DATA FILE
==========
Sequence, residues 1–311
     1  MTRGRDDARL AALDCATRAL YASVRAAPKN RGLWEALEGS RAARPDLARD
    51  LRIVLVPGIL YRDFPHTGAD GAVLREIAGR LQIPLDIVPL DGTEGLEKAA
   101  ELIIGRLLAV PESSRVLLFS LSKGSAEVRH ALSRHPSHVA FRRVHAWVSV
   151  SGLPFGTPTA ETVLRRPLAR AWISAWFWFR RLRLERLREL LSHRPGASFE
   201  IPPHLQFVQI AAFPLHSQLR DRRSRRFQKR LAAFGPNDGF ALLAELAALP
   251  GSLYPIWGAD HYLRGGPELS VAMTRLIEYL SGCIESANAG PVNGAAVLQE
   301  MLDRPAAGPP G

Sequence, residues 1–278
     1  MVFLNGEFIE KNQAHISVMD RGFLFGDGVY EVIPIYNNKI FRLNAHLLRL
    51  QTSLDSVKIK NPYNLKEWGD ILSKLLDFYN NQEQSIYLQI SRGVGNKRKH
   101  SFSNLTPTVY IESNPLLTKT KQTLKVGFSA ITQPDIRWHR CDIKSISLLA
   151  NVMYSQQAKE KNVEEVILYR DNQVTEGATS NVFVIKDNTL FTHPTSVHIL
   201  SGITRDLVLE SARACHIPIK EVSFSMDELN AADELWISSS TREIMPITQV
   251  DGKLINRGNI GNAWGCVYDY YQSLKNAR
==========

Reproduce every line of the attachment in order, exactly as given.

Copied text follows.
Sequence, residues 1–311
     1  MTRGRDDARL AALDCATRAL YASVRAAPKN RGLWEALEGS RAARPDLARD
    51  LRIVLVPGIL YRDFPHTGAD GAVLREIAGR LQIPLDIVPL DGTEGLEKAA
   101  ELIIGRLLAV PESSRVLLFS LSKGSAEVRH ALSRHPSHVA FRRVHAWVSV
   151  SGLPFGTPTA ETVLRRPLAR AWISAWFWFR RLRLERLREL LSHRPGASFE
   201  IPPHLQFVQI AAFPLHSQLR DRRSRRFQKR LAAFGPNDGF ALLAELAALP
   251  GSLYPIWGAD HYLRGGPELS VAMTRLIEYL SGCIESANAG PVNGAAVLQE
   301  MLDRPAAGPP G

Sequence, residues 1–278
     1  MVFLNGEFIE KNQAHISVMD RGFLFGDGVY EVIPIYNNKI FRLNAHLLRL
    51  QTSLDSVKIK NPYNLKEWGD ILSKLLDFYN NQEQSIYLQI SRGVGNKRKH
   101  SFSNLTPTVY IESNPLLTKT KQTLKVGFSA ITQPDIRWHR CDIKSISLLA
   151  NVMYSQQAKE KNVEEVILYR DNQVTEGATS NVFVIKDNTL FTHPTSVHIL
   201  SGITRDLVLE SARACHIPIK EVSFSMDELN AADELWISSS TREIMPITQV
   251  DGKLINRGNI GNAWGCVYDY YQSLKNAR